Climate activist served two years in federal prison for civil disobedience
MSNBC All In with Chris Hayes | May 15, 2013
Climate activist Tim DeChristopher was released last month from prison after interrupting a Bush era oil and drilling auction in 2008. Chris Hayes talks to DeChristopher about his experiences and upcoming film, Bidder 70.Read more
Democracy Now! Video Description:
In a Democracy Now! exclusive on Earth Day, climate change activist Tim DeChristopher joins us for his first interview since being released from federal custody after serving 21 months in detention. DeChristopher was convicted of interfering with a 2008 public auction when he disrupted the Bush administration’s last-minute move to sell off oil and gas exploitation rights in Utah. He posed as a bidder and won drilling lease rights to 22,000 acres of land in an attempt to save the property from oil and gas extraction. The auction itself was later overturned and declared illegal, a fact that DeChristopher’s defense attorneys were prevented from telling the jury. His case is the subject of the documentary, "Bidder 70," which will screen all over the country today to mark his release and Earth Day. The founder of the climate justice group Peaceful Uprising, Tim DeChristopher joins us to discuss his ordeal, his newfound freedom, and his plans to continue his activism in the climate justice movement.
Apparently there is some street art of Tim in New York City. If you happen upon any other street art related to climate activism, tweet a photo and tag @DeChristopher. We'd love to see it.
Here's a photo, CC Poster Boy / Flickr.
"At this point of unimaginable threats on the horizon, this is what hope looks like. In these times of a morally bankrupt government that has sold out its principles, this is what patriotism looks like. With countless lives on the line, this is what love looks like, and it will only grow. The choice you are making today is what side are you on."
Tim was allowed to address the court and the judge during his sentencing hearing. This is what he said:
Thank you for the opportunity to speak before the court. When I first met Mr. Manross, the sentencing officer who prepared the pre-sentence report, he explained that it was essentially his job to “get to know me.” He said he had to get to know who I really was and why I did what I did in order to decide what kind of sentence was appropriate. I was struck by the fact that he was the first person in this courthouse to call me by my first name, or even really look me in the eye. I appreciate this opportunity to speak openly to you for the first time. I'm not here asking for your mercy, but I am here asking that you know me.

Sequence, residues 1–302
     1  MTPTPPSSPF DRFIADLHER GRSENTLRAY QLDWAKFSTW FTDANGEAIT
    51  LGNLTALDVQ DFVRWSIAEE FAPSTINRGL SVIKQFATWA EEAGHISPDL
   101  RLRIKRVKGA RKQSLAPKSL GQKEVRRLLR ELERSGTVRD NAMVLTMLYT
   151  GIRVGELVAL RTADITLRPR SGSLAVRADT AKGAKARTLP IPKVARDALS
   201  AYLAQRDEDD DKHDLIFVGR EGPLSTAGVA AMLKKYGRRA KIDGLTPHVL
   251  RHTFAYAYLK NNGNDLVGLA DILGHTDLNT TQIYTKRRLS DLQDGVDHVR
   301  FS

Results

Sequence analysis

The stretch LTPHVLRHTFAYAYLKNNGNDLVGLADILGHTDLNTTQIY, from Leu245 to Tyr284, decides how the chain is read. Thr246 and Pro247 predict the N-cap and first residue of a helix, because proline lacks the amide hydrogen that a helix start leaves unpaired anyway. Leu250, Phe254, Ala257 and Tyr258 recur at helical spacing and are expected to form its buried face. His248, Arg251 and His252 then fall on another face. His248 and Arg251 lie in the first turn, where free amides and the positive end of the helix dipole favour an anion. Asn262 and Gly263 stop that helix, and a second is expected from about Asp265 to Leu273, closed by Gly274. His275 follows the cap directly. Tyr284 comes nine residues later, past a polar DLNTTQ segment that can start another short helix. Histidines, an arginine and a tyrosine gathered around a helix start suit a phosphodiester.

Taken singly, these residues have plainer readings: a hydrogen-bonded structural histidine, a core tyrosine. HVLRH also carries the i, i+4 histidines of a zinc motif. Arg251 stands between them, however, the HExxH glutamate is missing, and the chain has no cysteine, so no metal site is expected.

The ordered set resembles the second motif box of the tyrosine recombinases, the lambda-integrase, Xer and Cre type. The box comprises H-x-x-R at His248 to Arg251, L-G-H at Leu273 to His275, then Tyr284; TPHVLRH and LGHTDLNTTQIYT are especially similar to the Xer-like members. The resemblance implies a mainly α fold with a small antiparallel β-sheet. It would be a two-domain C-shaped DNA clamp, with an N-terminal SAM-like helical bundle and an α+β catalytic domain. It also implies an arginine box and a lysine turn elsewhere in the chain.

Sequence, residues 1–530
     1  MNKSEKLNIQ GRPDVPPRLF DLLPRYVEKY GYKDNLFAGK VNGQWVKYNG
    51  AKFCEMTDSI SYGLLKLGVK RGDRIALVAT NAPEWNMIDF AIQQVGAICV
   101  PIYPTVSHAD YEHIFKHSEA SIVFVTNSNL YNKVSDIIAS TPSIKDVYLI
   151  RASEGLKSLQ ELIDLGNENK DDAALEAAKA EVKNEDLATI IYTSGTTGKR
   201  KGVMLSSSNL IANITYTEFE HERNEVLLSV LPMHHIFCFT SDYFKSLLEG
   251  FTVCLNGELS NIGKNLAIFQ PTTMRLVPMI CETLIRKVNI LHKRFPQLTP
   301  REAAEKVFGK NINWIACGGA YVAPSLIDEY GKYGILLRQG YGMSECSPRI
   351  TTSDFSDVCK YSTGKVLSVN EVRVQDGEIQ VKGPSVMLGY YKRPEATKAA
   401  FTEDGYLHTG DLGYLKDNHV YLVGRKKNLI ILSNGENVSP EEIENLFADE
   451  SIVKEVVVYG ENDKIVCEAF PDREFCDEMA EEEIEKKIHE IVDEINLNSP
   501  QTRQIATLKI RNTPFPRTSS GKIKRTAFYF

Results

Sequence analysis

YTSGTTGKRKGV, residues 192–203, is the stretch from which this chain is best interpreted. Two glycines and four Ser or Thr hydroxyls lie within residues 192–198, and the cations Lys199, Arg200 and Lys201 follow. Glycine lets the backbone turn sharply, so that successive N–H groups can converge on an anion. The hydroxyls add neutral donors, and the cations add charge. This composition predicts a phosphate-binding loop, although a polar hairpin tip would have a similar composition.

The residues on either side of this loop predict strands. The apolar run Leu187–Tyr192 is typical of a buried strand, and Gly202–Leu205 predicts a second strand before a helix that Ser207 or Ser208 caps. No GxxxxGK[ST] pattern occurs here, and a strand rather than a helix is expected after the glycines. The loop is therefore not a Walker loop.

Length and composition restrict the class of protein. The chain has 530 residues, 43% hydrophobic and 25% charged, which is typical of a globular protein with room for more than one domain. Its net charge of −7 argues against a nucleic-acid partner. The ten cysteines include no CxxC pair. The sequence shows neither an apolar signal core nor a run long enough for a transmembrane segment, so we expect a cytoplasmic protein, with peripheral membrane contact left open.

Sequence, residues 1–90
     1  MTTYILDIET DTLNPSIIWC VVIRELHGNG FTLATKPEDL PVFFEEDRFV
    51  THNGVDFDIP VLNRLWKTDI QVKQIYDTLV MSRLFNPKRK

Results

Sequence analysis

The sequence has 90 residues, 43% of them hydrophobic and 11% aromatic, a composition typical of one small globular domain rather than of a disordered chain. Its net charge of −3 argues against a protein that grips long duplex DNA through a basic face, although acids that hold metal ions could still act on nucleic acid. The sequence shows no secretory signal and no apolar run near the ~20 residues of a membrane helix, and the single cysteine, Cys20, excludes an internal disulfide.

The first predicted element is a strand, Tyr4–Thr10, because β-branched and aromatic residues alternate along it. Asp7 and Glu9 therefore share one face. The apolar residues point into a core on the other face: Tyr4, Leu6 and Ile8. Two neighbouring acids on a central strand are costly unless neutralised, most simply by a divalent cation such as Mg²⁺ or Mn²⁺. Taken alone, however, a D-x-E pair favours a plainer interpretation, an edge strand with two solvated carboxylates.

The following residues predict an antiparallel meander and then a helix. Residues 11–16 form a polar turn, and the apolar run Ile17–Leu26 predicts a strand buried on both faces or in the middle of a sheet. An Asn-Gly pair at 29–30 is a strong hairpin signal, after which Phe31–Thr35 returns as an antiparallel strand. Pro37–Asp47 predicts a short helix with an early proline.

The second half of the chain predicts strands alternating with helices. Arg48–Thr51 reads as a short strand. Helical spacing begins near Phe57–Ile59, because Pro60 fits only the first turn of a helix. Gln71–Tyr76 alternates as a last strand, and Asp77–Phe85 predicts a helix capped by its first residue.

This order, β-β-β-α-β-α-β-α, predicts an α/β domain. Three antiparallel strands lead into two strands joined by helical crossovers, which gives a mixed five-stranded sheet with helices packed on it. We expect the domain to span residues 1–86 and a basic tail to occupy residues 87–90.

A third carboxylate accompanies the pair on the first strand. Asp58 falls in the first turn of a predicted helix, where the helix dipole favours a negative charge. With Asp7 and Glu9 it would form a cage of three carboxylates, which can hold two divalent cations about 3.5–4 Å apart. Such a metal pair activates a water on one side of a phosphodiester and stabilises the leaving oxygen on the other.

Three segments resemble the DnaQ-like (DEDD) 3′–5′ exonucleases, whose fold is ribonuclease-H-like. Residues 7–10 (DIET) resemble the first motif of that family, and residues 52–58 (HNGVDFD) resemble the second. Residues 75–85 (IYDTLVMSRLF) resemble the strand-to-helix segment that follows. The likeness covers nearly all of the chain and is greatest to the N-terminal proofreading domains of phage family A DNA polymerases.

Mr. Huber has leveled a lot of character attacks at me, many of which are contrary to Mr. Manross's report. While reading Mr Huber's critiques of my character and my integrity, as well as his assumptions about my motivations, I was reminded that Mr Huber and I have never had a conversation.Read more
To follow are the official sentencing recommendations filed by the Prosecution, delineating their exact reasons for recommending the harshest sentence possible for Tim DeChristopher. First is the Prosecution's pre-sentencing report, and after that is the objection to the recommendations of the sentencing officer, which they viewed as "too lenient" a punishment for Tim's crimes. --PeaceUp
The United States Attorney, by and through the undersigned Assistant United States Attorneys, hereby submits this sentencing memorandum to assist the Court in determining an appropriate sentence for the defendant. Based upon Title 18 of the United States Code, section 3553(a), this Court should impose a significant term of imprisonment to accomplish a fair and reasonable sentence in this matter. In particular, a term of imprisonment will (a) comport with the nature and circumstances of the offense and the history and characteristics of the defendant; (b) reflect the seriousness of the offense, promote respect for the law, and provide just punishment for the offense; (c) afford adequate deterrence to criminal conduct; and (d) protect the public from further crimes of the defendant. The Court may also consider other aspects of the sentence, including a fine and restitution.
A. The Nature and Circumstances of the Offense and the History and Characteristics of the Defendant
In determining an appropriate sentence to be imposed, one of the Court’s requirements is to “consider the nature and circumstances of the offense and the history and characteristics of the defendant.” 18 U.S. C. 3553(a)(1). To be sure, the defendant’s crimes are serious. He lied, obstructed lawful government proceedings, and caused extraordinary loss to others. Unilaterally, he played out the parts of accuser, jury, and judge as he determined the fate of the oil and gas lease auction and its participants that day.Read more
Tim speaking at one of 40 solidarity rallies on June 23, 2011.
This letter was co-written by five leaders of social and environmental justice. All recognize the trial of Tim DeChristopher to be a turning point in the climate movement:
- Dr. James Hansen, author of Storms of my Grandchildren, and who is regarded as the world’s leading climatologist
- Naomi Klein, author of #1 international bestseller The Shock Doctrine
- Bill McKibben, founder of 350.org and author of The End Of Nature and Eaarth
- Robert Redford, actor, director, environmental activist, and founder of The Sundance Institute
- Terry Tempest Williams, author of The Open Space of Democracy
February 8, 2010
A few months back, you likely heard about a vitally important court case involving the prosecution of a principled young environmental activist named Tim DeChristopher. After several delays, that trial is back on and we are asking for your support on its openings days starting February 28th.